October 7, 2004
"Excel 2003 Programming: A Developer's Notebook": The New Excel--It's All About Teamwork
Sebastopol, CA--On the surface, it doesn't appear as if much in Excel 2003
has changed. There are a handful of new objects and the user interface is
largely the same. But beyond a superficial glance, you can see that there
are fundamental shifts implied by the new features: Lists, XML, web
services, .NET, and InfoPath build a framework for entirely new ways to
exchange data with Excel. In fact, that's much of what Excel 2003 is all
about--solving problems that deal with teamwork--collecting and sharing
data, programming across applications, and maintaining security.
Teamwork? It's not necessarily the first thing one thinks of when Excel is
mentioned. But then, Excel has never just been about processing and
analyzing data. It's also about presenting and sharing data--making data
usable and accessible to everyone who needs it. As author Jeff Webb
relates in Excel 2003 Programming: A Developer's Notebook (O'Reilly, US
$29.95), "You've probably seen Microsoft's TV spots where the office
workers are cheering, sliding down the hall on their knees, and otherwise
celebrating their fantastic achievements. The message I get from that is
not what Microsoft Office can do; it's what the team can do together."
Webb adds, "You may or may not like those ads, but their point is valid:
Office 2003 isn't really about features, it's about cooperation. This book
is an Excel programmer's guide to that way of thinking."
Excel 2003 Programming: A Developer's Notebook introduces intermediate
to advanced Excel VBA programmers to the newest programming features of
Excel 2003--focusing just on what's new--so they can get up to speed
quickly. As with all of the Developer's Notebooks, this guide is light on
theory and long on practical application, taking readers directly to the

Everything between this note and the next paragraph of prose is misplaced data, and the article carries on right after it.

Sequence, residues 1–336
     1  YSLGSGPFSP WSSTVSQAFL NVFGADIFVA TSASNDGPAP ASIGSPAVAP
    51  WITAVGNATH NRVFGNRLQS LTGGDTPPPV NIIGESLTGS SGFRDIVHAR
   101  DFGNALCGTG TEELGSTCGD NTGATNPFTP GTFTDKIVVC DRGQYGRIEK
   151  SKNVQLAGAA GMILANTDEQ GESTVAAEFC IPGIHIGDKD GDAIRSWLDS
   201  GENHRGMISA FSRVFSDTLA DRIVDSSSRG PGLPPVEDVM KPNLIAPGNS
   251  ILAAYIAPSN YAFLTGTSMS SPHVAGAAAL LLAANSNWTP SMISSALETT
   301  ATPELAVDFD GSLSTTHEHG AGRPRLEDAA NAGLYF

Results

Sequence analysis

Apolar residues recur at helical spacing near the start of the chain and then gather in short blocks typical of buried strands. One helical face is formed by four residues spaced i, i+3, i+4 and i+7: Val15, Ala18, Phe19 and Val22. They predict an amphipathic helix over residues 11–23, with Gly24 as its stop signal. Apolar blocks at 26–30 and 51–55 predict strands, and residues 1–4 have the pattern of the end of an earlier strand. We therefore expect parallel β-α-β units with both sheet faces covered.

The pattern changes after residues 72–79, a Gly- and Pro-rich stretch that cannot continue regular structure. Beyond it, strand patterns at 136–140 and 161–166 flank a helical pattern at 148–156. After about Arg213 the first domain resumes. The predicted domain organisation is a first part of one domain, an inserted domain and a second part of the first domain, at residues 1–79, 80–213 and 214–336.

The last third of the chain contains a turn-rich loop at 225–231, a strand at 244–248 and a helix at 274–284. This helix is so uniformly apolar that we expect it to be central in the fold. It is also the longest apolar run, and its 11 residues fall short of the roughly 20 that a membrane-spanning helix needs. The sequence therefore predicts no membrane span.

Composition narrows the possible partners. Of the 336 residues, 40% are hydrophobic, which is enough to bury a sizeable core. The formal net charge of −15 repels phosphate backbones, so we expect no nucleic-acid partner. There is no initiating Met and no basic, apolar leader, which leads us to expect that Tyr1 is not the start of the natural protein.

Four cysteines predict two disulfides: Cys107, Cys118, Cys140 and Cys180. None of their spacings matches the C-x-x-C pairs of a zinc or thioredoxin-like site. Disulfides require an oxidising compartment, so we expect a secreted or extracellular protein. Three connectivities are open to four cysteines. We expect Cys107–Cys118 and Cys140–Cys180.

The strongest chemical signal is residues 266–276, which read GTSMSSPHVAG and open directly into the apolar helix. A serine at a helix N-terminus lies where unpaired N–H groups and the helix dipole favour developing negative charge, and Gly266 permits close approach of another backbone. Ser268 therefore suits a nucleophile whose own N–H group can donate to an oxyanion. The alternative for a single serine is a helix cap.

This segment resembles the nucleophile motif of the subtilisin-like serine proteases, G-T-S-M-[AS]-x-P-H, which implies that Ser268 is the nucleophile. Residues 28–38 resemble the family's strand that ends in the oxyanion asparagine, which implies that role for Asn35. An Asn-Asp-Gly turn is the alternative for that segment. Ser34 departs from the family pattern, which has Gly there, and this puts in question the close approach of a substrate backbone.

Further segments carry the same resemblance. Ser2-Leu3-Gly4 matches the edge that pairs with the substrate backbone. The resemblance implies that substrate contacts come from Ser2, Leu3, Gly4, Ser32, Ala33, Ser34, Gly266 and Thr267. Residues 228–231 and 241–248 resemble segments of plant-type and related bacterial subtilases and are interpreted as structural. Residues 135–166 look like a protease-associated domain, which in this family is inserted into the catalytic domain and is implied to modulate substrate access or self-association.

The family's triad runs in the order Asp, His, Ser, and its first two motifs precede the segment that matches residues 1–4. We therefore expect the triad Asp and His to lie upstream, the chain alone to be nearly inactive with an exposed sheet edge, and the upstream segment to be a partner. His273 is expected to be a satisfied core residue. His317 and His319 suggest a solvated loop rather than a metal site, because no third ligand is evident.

topics they'll want to master through a series of hands-on projects. With
dozens of practical labs, programmers can decide for themselves which new
aspects of Excel will be useful or not in their work.
The book shows users and programmers alike how to share spreadsheets with
SharePoint, work with lists and XML data, create secure Excel
applications, use Visual Studio Tools for Office, consume Web Services,
and collect data with Infopath. Each chapter is organized into a
collection of labs, each of which addresses a specific programming
problem. Readers can follow along to complete the lab on their own, or
jump ahead and use the samples the author has included.
The new Developer's Notebook series from O'Reilly covers important new
tools for software developers. Emphasizing example over explanation and
practice over theory, they focus on learning by doing--readers get the
goods straight from the masters, in an informal and code-intensive style
that suits developers. This no-fluff, lab-style guide is the perfect
solution for anyone who's been curious about Excel 2003 but hasn't known
where to dive in.
Excel 2003 Programming: A Developer's Notebook
ISBN 0-596-00767-1, 293 pages, $29.95 US, $43.95 CA
O'Reilly Media spreads the knowledge of innovators through its books, online services, magazines, and conferences. Since 1978, O'Reilly Media has been a chronicler and catalyst of cutting-edge development, homing in on the technology trends that really matter and spurring their adoption by amplifying "faint signals" from the alpha geeks who are creating the future. An active participant in the technology community, the company has a long history of advocacy, meme-making, and evangelism.
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